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3News Investigates: Ohioans face issues applying for unemployment; Lt. Gov. Husted responds

Lt. Gov. Husted acknowledged the problem, & said the state has increased the capacity of its unemployment website is now 20 times larger.

CLEVELAND — The final unemployment numbers for March will be released on Thursday, and they're expected to shatter the all-time record of 200,000 claims.

As a result, 3News Investigator Rachel Polansky discovered the system is flooded with waves of frustrated Ohioans, bogged down by widespread confusion.

“I was laid off as part of the COVID-19 downsizing,” said Chris Bennis, of Wadsworth. “I worked in recruiting and obviously there’s not a need for recruiters at the moment.”

It's been 11 days since this Wadsworth man filed for unemployment benefits.

“I was given a mass layoff number,” said Bennis.

Chris Bennis applied online, entered the mass-layoff number 2000180 as the unemployment site requests, and still he was denied.

“When you go to click on any information, nothing loads up, the system crashes, it doesn't tell you why you're denied,” said Bennis.

But he’s gotten further than Lora Liebenauer has gotten.

“I have gotten nowhere. It just rejects me every time I go on,” said Lora Liebenauer, of Middlefield.

Liebenauer filed for unemployment after the restaurant she works at, closed under Governor DeWine's orders.

“I watch you all the time on Channel 3. I don’t know what to do Rachel. I need your help,” said Liebenauer.

After they encountered issues online, both Lora and Chris tried calling 1-877-644-6562 (OHIO-JOB).

“No matter if you call first thing in the morning, 70 times throughout the day, last thing in the evening, you can't get through,”

3News Investigates tried too. We got this automated response: "We are currently experiencing exceptionally high call volume, please try again at another time." 

Credit: Job and Family Services

During Tuesday's press conference, Lieutenant Governor John Husted acknowledged the problem, and said the state has increased the capacity of its unemployment website 20-times its original capacity.

“For all of you who have had challenges, I want you to know your voices are being heard and they’re being acted upon,” said Ohio Lieutenant Governor John Husted.

Lt. Gov. Husted said the state is also working to double the number of workers in call centers.

Meanwhile, Liebenauer and Bennis are hoping the unemployment website will work soon – or better yet – maybe they’ll be able to get back to work.

“It’s frustrating. I'm sure it’s frustrating for millions of others having the same problem,” said Bennis.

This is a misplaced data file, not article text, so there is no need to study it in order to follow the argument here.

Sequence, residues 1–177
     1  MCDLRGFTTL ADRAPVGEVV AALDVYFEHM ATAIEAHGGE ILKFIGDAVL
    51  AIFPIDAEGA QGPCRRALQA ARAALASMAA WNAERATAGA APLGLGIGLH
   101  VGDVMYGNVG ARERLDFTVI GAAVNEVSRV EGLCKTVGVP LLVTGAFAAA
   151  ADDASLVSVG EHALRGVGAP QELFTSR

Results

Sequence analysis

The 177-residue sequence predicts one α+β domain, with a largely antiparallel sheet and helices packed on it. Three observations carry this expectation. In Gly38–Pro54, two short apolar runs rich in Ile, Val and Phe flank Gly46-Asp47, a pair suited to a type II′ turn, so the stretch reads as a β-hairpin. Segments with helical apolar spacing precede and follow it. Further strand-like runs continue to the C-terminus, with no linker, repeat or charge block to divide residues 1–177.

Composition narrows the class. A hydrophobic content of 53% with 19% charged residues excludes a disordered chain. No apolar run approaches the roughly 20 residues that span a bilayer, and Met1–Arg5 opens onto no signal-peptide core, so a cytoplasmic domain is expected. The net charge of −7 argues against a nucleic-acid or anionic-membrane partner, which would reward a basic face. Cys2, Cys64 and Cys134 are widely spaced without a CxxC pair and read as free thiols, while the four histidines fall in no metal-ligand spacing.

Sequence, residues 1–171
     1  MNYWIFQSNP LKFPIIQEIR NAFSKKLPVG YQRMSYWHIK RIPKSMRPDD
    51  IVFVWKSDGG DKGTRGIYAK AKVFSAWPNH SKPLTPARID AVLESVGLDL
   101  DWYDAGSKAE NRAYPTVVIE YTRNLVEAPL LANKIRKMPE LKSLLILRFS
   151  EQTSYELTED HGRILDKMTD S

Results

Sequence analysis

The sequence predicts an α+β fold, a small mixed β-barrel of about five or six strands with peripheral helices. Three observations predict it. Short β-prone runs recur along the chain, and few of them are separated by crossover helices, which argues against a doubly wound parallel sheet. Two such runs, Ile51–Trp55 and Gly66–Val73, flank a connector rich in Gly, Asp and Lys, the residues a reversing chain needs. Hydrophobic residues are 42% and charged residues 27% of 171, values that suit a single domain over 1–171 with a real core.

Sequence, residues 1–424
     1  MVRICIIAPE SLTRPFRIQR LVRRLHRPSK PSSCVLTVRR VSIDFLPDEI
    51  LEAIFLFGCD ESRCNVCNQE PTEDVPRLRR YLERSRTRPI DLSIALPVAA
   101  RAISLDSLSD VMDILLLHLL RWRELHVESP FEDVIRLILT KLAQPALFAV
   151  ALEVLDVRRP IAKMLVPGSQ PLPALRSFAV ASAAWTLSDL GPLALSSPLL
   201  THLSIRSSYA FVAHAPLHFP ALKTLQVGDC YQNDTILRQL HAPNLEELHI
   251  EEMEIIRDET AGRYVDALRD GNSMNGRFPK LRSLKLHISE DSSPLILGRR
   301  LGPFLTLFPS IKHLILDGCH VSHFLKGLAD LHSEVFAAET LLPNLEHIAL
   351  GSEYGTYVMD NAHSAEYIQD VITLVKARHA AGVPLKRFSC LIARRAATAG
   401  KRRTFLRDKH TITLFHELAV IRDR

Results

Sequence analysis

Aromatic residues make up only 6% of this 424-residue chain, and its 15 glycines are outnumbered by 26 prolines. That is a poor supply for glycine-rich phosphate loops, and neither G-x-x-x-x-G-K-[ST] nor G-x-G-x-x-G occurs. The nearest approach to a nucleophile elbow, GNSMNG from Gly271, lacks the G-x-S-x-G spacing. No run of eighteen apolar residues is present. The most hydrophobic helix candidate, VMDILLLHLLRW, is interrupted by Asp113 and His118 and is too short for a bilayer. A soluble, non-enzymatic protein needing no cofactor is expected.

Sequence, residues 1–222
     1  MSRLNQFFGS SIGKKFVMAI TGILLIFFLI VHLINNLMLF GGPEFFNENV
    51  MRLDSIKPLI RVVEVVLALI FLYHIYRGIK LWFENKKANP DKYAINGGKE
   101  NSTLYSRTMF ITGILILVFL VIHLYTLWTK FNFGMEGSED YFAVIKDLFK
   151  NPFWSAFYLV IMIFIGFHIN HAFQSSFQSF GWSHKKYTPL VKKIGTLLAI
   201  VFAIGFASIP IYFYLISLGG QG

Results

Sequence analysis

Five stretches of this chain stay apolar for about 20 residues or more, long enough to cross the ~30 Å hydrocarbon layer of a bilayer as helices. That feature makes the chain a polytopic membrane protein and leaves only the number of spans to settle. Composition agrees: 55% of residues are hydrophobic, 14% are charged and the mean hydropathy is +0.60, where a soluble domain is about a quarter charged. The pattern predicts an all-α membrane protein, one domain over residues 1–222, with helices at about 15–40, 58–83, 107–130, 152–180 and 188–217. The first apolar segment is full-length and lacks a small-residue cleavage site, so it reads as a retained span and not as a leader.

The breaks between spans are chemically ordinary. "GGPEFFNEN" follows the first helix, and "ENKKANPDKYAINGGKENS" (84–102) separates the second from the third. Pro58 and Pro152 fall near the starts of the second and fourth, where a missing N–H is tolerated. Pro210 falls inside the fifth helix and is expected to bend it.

For the week ending in March 21, Ohio reported 187,780 jobless claims to U.S. Dept. of Labor. The week earlier, the Ohio Department of Job and Family Services reported 7,042 claims.

The number of claims was only second to December 1981 when claims reached 205,259.

Credit: Getty Images/iStockphoto

A spokesperson for the Ohio Department of Job and Family Services sent 3News the following statement:

“Ohioans are experiencing a slow system trying to keep up with the historic demand, just like every other online claims system across the country, so we are asking filers and callers to be patient. With that said, please note that each claim is important to us, and we recognize the hardship that the COVID-19 pandemic has placed on many Ohio families. Despite the intermittent issues with the online claims system, going to unemployment.ohio.gov remains the best way for Ohioans to file a claims. Your viewers should know that even if they can’t consummate submitting an application right away, their filing date will be retroactive to when they first tried to apply. In other words, eligible Ohioans need not worry that they will receive all the unemployment compensation benefits they are entitled to collect.

Ohioans should also be aware that the requirement for people to be “actively seeking work” has been waived for the duration of the pandemic. The problem is that the volume of filers and callers is delaying when people can submit their application. We have begun issuing payments, however, and so far we have paid more than 95,000 claimants totaling nearly $40 million.

We have been working nonstop to streamline system performance and boost capacity by adding servers and hardware so the online claims system can handle the unprecedented influx of claims. Our system, previously configured for a typical maximum of 1,200 connections at one time, has now been enhanced to accommodate up to 24,000 simultaneous connections. We’ve even brought back retirees who were subject matter experts during the 2008 recession when we had an uptick in the number of claims -- although far, far below our current number of claims -- to offer any tips that worked back then to speed up processing times of the 16-year-old system.

Taking an all-hands-on-deck approach, we have reassigned more than 300 ODJFS employees to assist with call volume to 1-877-644-6562 (OHIO-JOB) (for those without computer access) and PIN resets (1-866-962-4064) to increase our service capabilities. It’s worth pointing out that we also have been inundated with Ohioans seeking help over the phone. To put that in perspective, we received more than 1.7 million calls in March. In February we received just over 112,000 calls.”

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